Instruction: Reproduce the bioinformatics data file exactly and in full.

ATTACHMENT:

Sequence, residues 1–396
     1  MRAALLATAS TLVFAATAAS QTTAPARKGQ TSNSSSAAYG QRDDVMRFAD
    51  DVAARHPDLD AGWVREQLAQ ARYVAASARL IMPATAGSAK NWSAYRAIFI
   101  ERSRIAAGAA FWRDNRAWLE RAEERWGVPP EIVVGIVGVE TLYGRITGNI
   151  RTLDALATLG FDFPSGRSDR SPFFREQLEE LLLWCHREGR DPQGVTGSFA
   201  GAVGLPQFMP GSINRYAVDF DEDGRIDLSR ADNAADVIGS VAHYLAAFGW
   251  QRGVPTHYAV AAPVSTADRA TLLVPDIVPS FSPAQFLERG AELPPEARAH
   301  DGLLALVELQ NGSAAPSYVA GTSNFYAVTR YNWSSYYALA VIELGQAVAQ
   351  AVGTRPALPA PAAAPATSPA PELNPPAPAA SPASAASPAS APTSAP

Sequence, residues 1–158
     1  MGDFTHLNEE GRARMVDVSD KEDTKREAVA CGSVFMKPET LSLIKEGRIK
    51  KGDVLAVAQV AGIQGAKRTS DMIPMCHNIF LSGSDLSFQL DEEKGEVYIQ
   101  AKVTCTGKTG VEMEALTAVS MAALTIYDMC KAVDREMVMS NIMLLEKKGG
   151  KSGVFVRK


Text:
Sequence, residues 1–396
     1  MRAALLATAS TLVFAATAAS QTTAPARKGQ TSNSSSAAYG QRDDVMRFAD
    51  DVAARHPDLD AGWVREQLAQ ARYVAASARL IMPATAGSAK NWSAYRAIFI
   101  ERSRIAAGAA FWRDNRAWLE RAEERWGVPP EIVVGIVGVE TLYGRITGNI
   151  RTLDALATLG FDFPSGRSDR SPFFREQLEE LLLWCHREGR DPQGVTGSFA
   201  GAVGLPQFMP GSINRYAVDF DEDGRIDLSR ADNAADVIGS VAHYLAAFGW
   251  QRGVPTHYAV AAPVSTADRA TLLVPDIVPS FSPAQFLERG AELPPEARAH
   301  DGLLALVELQ NGSAAPSYVA GTSNFYAVTR YNWSSYYALA VIELGQAVAQ
   351  AVGTRPALPA PAAAPATSPA PELNPPAPAA SPASAASPAS APTSAP

Sequence, residues 1–158
     1  MGDFTHLNEE GRARMVDVSD KEDTKREAVA CGSVFMKPET LSLIKEGRIK
    51  KGDVLAVAQV AGIQGAKRTS DMIPMCHNIF LSGSDLSFQL DEEKGEVYIQ
   101  AKVTCTGKTG VEMEALTAVS MAALTIYDMC KAVDREMVMS NIMLLEKKGG
   151  KSGVFVRK